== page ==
17. Not finished yet The following is the same backyard (today) and just for the fun of it SVN25 (PRN25) has been made unavailable (like if it was on maintainence, which can/could/might easily happen). The difference 25 makes is totally around that 6-7am time frame. But also some might note things have changed (for the worse) around 2pm, which is totally and solely due to being a couple of days apart (all based on the same current almanac). I'll pose the question this way. If "Time of Day" doesn't matter then why would it be so that's there absolutely no chance of getting a position at this particular location at ANY time today. In other words if time of day doesn't matter then one would "expect" to get a position fix at this location, under these circumstances at ANY time over ANY 24 hour period. everybody keeps telling me where to go
  18. quote:Originally posted by junglehair:Wow, this is the most rediculous discussion I have seen on the forums to date .... (Kerry, I'd be interested in hearing what you do for a living and why you know so much about GPS). Lets just say GPS and what I do for a living has a fairly close connection (and that's any time of day ). All types for all purposes a GPS is basically a GPS and there's some fairly fundamental principles that apply regardless of the type or use. And for sure one thing that stands out from time to time is some of the absolute miss-informed myth's that get propagated by the "applicance" sales types. Realize this is getting off the topic but it might also shock some to find out that in straight SPS mode there's practically bugga all difference (in practical SPS accuracy) between the normal run of the mill $400 handheld and a $40,000 "survey grade" receiver. For your info those plots above are based on a 5 degree mask angle as ideally NO receiver should really use low horizon satellites. Some manufacturers run a 0 (zero) mask, other a few degrees, some even 10 degrees. Most who use recreational units wouldn't have a clue what mask angle their receiver is anyway. That 15 degree for geodetic stuff cut-off basically ensures the best possible signal data is used and not corrupted with suspect obs from the lower horizon, more atmospheric influenced signal. But these days with sky clear above 15 degrees things aren't all that bad but of course there's certainly been times (even lately) when one may as well pack up and go home. Cheers, Kerry. I never get lost everybody keeps telling me where to go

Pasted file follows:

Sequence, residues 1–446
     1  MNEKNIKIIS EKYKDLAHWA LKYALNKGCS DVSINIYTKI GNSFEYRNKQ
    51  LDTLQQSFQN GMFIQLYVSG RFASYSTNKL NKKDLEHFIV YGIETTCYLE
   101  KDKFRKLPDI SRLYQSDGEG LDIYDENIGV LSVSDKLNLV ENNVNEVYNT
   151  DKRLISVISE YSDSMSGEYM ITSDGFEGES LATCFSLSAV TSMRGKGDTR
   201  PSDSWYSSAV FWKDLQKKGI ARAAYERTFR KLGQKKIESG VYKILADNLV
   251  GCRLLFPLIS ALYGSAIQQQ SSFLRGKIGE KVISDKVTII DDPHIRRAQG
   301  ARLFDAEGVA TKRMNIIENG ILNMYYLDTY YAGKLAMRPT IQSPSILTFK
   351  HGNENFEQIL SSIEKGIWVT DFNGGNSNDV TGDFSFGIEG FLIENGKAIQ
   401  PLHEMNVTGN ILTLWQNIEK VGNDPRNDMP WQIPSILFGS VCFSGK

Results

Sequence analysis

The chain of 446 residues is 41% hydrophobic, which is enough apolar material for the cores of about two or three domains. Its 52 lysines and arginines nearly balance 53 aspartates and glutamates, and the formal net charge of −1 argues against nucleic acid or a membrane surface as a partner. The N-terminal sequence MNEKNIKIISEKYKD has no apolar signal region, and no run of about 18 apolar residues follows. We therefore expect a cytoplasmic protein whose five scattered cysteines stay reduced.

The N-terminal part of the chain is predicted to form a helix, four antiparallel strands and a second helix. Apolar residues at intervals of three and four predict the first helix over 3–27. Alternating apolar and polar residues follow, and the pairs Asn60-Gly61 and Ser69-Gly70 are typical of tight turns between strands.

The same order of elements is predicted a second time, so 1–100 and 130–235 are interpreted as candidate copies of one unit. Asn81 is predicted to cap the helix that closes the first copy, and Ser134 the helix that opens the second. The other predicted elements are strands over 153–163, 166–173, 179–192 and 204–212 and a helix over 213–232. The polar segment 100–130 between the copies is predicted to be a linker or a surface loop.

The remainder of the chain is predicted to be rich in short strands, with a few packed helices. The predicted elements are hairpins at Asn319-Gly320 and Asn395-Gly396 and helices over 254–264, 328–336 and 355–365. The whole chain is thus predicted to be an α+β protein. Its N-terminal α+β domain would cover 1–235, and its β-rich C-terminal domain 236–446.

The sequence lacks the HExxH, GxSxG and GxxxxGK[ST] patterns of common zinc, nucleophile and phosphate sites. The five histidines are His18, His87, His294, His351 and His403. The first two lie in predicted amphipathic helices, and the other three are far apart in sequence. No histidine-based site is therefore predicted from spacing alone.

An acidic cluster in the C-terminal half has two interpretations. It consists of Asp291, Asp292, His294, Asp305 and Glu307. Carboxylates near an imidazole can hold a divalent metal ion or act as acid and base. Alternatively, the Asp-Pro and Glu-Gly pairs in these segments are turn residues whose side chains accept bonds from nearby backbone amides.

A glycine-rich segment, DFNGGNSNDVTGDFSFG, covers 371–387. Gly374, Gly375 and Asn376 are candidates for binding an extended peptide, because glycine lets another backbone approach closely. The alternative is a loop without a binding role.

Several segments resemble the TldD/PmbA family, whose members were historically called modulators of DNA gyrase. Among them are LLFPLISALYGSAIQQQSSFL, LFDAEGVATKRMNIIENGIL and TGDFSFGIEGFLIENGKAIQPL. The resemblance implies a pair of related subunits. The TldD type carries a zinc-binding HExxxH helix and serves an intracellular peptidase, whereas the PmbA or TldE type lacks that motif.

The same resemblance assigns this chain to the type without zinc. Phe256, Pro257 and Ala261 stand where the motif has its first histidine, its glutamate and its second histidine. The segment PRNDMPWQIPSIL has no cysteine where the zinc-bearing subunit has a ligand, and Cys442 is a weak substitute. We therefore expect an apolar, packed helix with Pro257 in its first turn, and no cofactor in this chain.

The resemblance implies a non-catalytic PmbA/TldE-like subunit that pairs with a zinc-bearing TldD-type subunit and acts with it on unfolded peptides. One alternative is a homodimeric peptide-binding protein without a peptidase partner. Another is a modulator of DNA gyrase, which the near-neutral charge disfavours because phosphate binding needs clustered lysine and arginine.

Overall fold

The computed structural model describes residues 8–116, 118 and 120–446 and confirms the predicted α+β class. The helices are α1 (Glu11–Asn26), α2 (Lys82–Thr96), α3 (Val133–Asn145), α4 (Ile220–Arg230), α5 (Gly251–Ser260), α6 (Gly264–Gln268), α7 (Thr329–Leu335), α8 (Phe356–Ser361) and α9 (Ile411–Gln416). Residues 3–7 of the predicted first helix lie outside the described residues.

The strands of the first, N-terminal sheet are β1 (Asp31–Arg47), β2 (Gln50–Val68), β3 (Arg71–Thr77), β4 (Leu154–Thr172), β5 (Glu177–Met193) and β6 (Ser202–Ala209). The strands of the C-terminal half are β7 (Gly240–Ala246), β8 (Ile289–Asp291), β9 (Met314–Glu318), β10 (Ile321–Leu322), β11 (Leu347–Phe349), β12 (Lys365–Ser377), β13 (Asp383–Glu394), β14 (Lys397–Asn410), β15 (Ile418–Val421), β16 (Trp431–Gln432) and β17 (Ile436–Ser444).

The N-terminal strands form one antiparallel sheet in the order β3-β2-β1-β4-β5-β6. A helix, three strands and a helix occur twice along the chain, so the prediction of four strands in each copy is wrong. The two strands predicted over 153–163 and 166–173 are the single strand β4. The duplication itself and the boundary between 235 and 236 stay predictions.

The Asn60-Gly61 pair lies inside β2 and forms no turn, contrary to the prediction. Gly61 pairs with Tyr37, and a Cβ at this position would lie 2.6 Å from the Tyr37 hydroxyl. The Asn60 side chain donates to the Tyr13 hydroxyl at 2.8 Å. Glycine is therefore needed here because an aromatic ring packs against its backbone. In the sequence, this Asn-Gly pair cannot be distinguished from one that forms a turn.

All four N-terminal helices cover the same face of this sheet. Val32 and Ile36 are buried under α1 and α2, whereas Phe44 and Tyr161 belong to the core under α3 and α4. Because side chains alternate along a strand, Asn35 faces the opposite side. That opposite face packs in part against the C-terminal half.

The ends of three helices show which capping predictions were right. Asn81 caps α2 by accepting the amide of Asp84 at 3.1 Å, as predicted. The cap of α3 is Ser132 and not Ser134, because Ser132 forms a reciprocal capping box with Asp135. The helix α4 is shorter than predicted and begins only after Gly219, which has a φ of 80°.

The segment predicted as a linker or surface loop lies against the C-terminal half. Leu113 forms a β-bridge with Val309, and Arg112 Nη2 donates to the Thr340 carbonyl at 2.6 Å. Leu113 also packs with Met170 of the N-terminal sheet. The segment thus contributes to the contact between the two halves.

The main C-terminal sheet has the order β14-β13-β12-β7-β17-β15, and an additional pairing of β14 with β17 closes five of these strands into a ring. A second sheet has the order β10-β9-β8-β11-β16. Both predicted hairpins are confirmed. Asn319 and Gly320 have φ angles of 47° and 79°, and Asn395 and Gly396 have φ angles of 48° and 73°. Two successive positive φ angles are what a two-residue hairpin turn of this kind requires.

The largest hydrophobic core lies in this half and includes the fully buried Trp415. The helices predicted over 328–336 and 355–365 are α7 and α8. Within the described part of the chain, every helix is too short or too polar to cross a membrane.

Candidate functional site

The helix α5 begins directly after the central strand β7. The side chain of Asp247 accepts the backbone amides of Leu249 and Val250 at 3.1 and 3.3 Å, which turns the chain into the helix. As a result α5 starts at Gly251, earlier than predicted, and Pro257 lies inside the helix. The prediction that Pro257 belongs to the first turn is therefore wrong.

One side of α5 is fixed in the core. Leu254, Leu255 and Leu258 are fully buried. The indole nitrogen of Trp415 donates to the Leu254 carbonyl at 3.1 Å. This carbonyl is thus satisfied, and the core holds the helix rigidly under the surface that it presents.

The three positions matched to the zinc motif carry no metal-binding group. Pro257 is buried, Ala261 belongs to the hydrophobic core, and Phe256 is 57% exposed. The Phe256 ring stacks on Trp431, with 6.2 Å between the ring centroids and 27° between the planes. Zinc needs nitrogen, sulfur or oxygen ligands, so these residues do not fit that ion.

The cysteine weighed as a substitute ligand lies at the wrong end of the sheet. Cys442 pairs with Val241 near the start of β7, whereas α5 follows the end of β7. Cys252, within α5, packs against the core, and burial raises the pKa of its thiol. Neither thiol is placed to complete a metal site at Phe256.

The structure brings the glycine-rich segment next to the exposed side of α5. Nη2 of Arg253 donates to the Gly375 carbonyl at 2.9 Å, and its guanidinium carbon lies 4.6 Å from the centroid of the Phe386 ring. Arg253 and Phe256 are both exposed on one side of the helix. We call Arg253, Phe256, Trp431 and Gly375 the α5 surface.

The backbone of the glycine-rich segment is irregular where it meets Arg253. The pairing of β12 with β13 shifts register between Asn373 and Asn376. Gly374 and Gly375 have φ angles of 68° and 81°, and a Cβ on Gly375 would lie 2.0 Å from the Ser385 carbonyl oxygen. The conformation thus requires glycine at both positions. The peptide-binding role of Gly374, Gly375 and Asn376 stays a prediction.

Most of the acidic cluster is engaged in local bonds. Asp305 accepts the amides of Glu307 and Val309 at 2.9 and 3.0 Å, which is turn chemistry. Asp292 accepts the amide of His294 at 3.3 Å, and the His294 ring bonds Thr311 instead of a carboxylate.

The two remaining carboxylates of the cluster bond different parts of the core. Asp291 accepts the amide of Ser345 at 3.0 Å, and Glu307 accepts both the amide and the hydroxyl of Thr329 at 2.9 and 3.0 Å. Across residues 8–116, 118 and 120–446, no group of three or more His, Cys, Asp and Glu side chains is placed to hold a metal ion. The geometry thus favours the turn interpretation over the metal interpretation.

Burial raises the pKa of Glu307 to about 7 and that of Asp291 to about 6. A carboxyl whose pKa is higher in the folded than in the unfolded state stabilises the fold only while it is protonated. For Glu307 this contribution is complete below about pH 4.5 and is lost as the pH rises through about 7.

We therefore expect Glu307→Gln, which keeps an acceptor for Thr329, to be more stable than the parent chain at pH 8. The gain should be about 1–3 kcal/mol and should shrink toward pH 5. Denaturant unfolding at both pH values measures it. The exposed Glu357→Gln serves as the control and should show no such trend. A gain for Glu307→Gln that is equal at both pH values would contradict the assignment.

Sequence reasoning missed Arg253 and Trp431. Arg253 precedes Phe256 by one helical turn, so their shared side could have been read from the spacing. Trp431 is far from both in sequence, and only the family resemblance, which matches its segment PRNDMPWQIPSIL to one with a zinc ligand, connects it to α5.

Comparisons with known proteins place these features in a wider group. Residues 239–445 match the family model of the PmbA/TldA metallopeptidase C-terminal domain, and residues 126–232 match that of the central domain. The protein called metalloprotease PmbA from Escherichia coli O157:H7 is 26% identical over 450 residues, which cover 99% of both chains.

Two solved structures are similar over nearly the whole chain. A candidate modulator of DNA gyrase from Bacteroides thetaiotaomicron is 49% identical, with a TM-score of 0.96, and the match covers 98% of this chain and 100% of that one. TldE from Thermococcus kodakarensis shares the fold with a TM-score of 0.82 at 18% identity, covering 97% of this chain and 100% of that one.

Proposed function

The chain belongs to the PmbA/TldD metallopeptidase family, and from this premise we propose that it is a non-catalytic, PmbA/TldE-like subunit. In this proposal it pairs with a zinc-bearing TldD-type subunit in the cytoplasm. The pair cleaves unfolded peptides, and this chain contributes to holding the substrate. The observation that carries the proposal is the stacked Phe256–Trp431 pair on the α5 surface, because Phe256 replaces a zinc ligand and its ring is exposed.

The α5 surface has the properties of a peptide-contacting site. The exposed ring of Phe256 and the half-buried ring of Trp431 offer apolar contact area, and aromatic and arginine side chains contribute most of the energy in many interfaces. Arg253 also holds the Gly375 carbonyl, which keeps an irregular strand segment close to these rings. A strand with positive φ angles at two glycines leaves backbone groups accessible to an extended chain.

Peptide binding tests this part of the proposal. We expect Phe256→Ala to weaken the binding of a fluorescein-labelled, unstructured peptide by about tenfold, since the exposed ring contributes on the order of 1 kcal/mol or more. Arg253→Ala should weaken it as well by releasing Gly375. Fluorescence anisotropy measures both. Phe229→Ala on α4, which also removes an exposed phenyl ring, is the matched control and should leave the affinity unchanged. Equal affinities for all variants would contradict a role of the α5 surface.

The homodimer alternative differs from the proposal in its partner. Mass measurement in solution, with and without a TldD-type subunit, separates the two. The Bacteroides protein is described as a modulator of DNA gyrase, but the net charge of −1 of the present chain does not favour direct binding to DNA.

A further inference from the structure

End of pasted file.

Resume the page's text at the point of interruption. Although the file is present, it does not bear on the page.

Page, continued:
19. Peter, this "Time of Day" issue (certainly wouldn't call it "specific" but) is a generic one and for sure there many variables, which go into affecting this. The atmospherics and much of that similar type of stuff is generally untouchable, nobody has all that much control if sun spot activity will be a problem today, tomorrow or whenever. This type of issue is dependent on many things like location, obstructions and apart from other things just what the system is actually doing at the time. All things aren't the same for all locations all of the time but depending on circumstances there can be issues some of the time and these times (all things being equal) are basically predictable. This "Time of Day" issue doesn't target or favour geocaching or any other use of the system as there is basically only one system. One has to understand the whole system, including the users are dynamic and for sure what occured here this morning at what ever time isn't "exactly" occuring anywhere else either but that's simply a factor of a specific user's environmenet in relation to the constellation at a particular time. Come back to the same point at some other time and obviously things have changed as if they didn't then GPS wouldn't work. Basically if users are unable to grasp this principle that the whole system and the relationship of that system to the user is constantly changing then there is some definite miss-understanding. First there has to be this understanding that if at a particular time at a certain location due to several variables a user doesn't have enough satellites to get a position fix but can come back after a short period and there is enough satellites then if time of day doesn't matter then I'd like to know what tag some call it. Gee, there's so many variables involved here, apart from the atmospherics issues, different satellites are on maintainence almost everyday, users are another, different locations. Even though there is some "basic" consistency in the constellation, really NOTHING stays the same, especially the user. That also one reason why the current accuracy specifications (oh by the way these accuracy specs apply to ALL users, geocaching isn't singled out as being special either, geocachers are simply just "another" user) are based on Signal-In-Space specifications as that's what's the owners/operators of the system have most (some) control over. They don't have any control over how/when/where or why a user wants/expects their equipment to work and under what conditions. Cheers, Kerry. I never get lost everybody keeps telling me where to go
  20. quote:Originally posted by Johnnyvegas:This is a geocaching NG. Not one dedicated to GPS issues. It would seem you seem to think you know about goecaching, though you have never treid it. Would you go to a doctor that has only read some books, with no real experiance. In my opinion you are a troll, and I have to time for you. Your a laugh Cheers, Kerry. I never get lost everybody keeps telling me where to go